Derek Jeter went 3 for 4 with a triple, a homer and four RBI, leading the Yankees past the White Sox 6-4.
Of greater significance than the win: the hit gave him 2,778 for his career, which put him past Ken Griffey, Jr. for the lead among active players. Griffey, of course, had a six year head start, but they were evened up when the real Ken Griffey, Jr. was abducted by the Tralfamadorians ten years ago and was replaced by an imposter who the aliens mistakenly implanted with a performance chip that was designed to replicate a late-career Ellis Burks. A shame, really.
Career-wise, Jeter is now 45th on the all-time list, but he’ll pass a whole bunch of guys this season. Barring injury or Tralfamadorian abduction, he’ll join the 3,000 hit club some time next season.
The Oakland Athletics have activated DH Billy Butler from the 7-day concussion disabled list.
Butler, you’ll recall, suffered a concussion last weekend in a clubhouse fight with teammate Danny Valencia. The two have since apologized to each other and to the A’s organization for creating what would, if everyone’s being honest, serve as the dramatic peak of the A’s disappointing year.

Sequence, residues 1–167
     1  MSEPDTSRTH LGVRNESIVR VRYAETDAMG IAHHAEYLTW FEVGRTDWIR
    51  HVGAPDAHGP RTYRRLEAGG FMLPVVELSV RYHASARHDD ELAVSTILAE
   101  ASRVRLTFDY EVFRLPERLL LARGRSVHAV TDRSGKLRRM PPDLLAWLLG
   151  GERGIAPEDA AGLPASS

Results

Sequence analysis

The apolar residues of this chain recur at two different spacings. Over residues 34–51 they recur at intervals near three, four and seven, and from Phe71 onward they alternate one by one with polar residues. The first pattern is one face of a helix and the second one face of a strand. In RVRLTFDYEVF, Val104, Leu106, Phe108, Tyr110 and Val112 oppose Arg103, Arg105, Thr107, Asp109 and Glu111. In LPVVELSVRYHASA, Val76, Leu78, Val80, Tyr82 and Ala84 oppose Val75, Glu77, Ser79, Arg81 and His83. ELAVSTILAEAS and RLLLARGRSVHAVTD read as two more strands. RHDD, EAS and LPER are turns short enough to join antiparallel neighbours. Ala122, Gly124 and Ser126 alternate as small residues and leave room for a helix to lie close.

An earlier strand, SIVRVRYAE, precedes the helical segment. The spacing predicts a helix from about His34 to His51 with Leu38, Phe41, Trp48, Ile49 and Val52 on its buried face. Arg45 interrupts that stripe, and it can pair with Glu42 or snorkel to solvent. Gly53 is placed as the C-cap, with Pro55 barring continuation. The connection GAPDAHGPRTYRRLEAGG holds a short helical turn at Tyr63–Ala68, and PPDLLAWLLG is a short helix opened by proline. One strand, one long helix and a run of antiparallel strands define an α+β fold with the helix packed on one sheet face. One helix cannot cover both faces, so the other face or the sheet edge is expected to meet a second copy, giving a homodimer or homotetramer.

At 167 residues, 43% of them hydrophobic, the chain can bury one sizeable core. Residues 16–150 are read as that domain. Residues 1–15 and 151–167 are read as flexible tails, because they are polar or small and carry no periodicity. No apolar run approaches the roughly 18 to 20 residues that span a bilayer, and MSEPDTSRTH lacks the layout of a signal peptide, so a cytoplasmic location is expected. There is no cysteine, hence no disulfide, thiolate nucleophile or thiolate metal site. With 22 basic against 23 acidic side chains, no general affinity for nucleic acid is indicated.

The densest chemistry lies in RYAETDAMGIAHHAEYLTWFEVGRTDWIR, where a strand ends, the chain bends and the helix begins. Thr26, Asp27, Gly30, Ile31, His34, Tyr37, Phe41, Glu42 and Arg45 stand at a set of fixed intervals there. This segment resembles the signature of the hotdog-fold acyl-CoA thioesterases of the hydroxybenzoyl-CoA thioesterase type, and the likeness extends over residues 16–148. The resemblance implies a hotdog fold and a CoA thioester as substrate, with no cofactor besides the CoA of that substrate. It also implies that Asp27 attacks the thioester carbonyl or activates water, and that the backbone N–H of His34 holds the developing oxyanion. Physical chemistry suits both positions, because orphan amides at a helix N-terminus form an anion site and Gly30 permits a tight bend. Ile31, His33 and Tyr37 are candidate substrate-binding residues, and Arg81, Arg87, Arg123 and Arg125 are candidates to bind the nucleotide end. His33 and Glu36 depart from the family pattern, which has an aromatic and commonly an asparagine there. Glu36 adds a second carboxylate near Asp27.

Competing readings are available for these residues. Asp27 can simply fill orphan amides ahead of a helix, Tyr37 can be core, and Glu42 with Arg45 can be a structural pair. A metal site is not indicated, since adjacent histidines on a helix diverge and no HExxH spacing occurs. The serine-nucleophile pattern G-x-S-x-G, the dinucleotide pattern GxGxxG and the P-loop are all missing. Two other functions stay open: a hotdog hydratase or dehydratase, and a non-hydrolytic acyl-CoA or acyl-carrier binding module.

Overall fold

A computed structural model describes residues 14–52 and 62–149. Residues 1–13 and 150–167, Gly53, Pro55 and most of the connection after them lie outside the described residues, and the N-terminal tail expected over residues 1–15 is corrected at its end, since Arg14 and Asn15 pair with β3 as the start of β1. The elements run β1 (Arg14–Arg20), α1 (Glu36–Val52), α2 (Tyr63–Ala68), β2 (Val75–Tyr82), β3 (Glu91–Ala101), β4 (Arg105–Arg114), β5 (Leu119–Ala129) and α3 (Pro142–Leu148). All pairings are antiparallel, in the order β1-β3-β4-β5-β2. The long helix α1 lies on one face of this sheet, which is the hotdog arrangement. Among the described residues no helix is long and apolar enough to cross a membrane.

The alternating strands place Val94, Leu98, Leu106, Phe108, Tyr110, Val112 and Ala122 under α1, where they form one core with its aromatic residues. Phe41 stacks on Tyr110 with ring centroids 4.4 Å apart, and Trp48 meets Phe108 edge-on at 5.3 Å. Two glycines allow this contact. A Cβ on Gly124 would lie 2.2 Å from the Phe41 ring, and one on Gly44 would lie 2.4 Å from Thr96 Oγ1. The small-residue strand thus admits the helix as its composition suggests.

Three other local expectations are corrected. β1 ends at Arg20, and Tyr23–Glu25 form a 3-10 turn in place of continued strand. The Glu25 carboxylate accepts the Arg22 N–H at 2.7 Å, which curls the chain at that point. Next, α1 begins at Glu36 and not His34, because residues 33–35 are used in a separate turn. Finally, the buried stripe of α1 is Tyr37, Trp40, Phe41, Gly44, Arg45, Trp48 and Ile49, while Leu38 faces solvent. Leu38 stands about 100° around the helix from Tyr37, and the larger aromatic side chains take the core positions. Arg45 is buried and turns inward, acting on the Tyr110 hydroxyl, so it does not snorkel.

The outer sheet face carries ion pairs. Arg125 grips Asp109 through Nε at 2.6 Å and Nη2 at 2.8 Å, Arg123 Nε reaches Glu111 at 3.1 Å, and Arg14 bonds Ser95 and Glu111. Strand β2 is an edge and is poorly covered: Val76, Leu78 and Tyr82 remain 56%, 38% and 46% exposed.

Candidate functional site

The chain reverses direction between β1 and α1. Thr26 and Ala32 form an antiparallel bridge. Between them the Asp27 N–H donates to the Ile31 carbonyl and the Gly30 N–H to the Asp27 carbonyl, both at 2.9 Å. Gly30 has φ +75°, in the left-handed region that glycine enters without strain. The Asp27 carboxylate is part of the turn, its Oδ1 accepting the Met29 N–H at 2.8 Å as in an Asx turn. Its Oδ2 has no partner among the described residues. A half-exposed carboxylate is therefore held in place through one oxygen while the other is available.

Speaking of disappointing, Butler is hitting.286/.338/.419 with four homers and 30 RBI in 228 plate appearances this season.
FOX Sports’ Jon Morosi reports that Tim Tebow’s baseball workout, which will take place tomorrow in Los Angeles, will be attended by scouts from “roughly half” of the 30 major league teams. Morosi noted in a later tweet that a lot of the people going to see the workout are people “with influence.” That could mean that people are taking him seriously. It could mean that people want to gawk. The proof will ultimately be in the pudding.
As we’ve noted, Tebow is 29 and he asn’t played competitive baseball since high school. While some people who have watched him work out have said complimentary things about his preparation and approach, an anonymous scout told ESPN.com last week that Tebow’s swing is so long it might “take out the front row.”
Color us skeptical until someone who works for a club, as opposed to people who have been invited to coach him, pitch to him or work out with him, says that Tebow has a chance.